Victoria’s $2 billion commercialisation fund will lead to a “quantum shift” for the state, according to former Premier John Brumby, who will chair the new fund.
The Breakthrough Victoria Fund, which will provide funding to local companies for R&D adoption and commercialisation over the next decade, is now up and running with the government establishing a new company and appointing its board and chief executive officer.
Mr Brumby, who is now Chancellor of La Trobe University and chair of Biocurate after serving as Victorian Premier from 2007 to 2010, is the fund’s first chair. He said the fund is one of the most significant state policies in industry development ever and would drive Victoria’s recovery from the COVID-19 pandemic.
“Our ambitions are big. It’s the biggest investment that the state has ever made in science, technology and innovation, and I think it’s going to drive some big results for the state,” Mr Brumby told InnovationAus.
“Those results will come through business growth, employment growth, productivity enhancement and also through early-stage investment. We’ll be building on some of the brilliant science that we’ve got here, creating new companies, and hopefully breakthroughs that will change the state,” he said.
“This is a quantum shift in terms of what any government has ever done in Victoria before.”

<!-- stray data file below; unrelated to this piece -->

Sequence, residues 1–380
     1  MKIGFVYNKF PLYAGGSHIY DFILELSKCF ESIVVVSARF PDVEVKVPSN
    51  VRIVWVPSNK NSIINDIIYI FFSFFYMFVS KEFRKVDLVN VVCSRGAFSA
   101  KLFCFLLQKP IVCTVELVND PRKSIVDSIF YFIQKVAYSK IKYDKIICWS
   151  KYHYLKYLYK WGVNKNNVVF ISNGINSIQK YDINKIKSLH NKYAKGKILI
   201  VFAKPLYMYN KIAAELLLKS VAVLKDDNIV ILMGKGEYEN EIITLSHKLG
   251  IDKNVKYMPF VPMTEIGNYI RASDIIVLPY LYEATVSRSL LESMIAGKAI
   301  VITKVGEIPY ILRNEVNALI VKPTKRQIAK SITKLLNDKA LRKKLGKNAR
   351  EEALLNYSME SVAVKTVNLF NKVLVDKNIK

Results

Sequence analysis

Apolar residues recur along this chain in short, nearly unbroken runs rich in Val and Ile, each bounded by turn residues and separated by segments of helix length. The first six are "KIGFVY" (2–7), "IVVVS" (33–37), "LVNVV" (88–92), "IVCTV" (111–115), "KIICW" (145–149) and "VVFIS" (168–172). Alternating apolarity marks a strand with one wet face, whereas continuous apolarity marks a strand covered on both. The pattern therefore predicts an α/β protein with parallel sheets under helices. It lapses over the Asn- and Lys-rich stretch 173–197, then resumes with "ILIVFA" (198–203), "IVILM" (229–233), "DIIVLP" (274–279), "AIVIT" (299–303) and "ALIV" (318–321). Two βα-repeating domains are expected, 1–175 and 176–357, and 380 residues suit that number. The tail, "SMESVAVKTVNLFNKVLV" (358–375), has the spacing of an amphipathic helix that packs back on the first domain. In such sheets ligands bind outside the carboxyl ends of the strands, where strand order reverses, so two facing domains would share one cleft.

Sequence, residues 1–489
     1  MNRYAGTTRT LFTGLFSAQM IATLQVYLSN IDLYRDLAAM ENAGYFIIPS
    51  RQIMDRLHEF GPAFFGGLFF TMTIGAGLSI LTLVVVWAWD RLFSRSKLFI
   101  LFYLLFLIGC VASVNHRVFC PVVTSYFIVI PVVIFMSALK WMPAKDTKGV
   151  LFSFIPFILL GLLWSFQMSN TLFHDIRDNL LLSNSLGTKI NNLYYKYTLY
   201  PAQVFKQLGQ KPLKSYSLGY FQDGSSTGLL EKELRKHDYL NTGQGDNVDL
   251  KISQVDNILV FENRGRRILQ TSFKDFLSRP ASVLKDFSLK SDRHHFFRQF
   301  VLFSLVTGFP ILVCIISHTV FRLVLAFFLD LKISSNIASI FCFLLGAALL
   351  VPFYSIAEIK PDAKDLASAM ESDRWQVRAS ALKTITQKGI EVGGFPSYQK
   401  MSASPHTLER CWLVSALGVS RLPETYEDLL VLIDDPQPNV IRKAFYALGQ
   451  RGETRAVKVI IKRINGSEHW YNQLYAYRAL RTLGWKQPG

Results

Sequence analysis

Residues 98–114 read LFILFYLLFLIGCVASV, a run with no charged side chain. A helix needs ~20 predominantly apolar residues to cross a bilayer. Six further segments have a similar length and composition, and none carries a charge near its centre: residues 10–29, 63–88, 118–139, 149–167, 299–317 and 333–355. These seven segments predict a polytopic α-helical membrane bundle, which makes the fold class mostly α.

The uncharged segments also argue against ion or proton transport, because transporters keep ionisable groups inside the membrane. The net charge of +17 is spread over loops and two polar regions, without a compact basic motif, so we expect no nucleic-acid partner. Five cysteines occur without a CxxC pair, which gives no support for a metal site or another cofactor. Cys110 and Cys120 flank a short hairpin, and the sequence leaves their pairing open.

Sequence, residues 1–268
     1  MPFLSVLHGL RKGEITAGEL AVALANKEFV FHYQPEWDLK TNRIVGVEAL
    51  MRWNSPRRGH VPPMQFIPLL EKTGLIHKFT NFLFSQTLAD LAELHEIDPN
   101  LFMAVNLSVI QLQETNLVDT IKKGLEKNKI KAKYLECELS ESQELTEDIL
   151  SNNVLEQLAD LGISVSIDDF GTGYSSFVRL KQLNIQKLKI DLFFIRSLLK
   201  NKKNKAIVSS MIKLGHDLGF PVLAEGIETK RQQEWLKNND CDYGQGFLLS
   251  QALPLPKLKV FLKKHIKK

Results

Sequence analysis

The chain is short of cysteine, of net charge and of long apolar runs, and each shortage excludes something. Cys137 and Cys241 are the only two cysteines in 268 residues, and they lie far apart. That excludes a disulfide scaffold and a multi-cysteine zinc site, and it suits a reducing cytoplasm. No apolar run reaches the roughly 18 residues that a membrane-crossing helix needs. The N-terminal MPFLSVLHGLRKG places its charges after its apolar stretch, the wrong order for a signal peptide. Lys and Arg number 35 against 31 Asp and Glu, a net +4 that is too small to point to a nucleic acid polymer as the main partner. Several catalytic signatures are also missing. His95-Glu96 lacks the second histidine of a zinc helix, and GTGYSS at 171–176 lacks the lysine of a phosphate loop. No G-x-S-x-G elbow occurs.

Mr Brumby said that across his career in politics and since, he had witnessed first-hand Australia’s long-standing commercialisation woes, and this was something the fund would help to address.
“This is the big issue for Australia. We’ve had, and continue to have, a fantastic reputation in terms of research, and what we do in our universities and industries, but in terms of how we translate that into therapeutics, into drugs, into products and into manufactured goods that generate jobs and make a difference in the world, we’ve been pretty poor at that,” he said.
“That’s been an Australian problem for the best part of the last 30 to 40 years. The movement is all in the right direction, but we’re still in this position where we do well, rank well and perform well in the research space – but far too little of what we do turns into things that make a difference in the world.”
In September last year the Herald Sun asked every former Victorian Premier for their four big ideas to assist Victoria’s economic recovery. Mr Brumby’s first proposal was for a $1 billion fund.
Soon after the story was published, current Premier Daniel Andrews called Mr Brumby, saying this was the standout idea from the piece, and something which fitted with what the state was looking to do.
Two months later, the state budget provided $2 billion over 10 years for the Breakthrough Victoria Fund. A guaranteed $200 million would be deployed annually over the forward estimates.
The fund’s investments would focus on health, advanced manufacturing, clean energy, agri-food and digital technologies.
It will fund a range of grants, repayable loans, equity and joint ventures, through partnerships with private investors, superannuation, venture capital and the federal government.
It will also be centred on Victoria’s innovation and employment precincts, including Parkville, Arden and Macauley, Bundoora, Clayton and Fishermans Bend.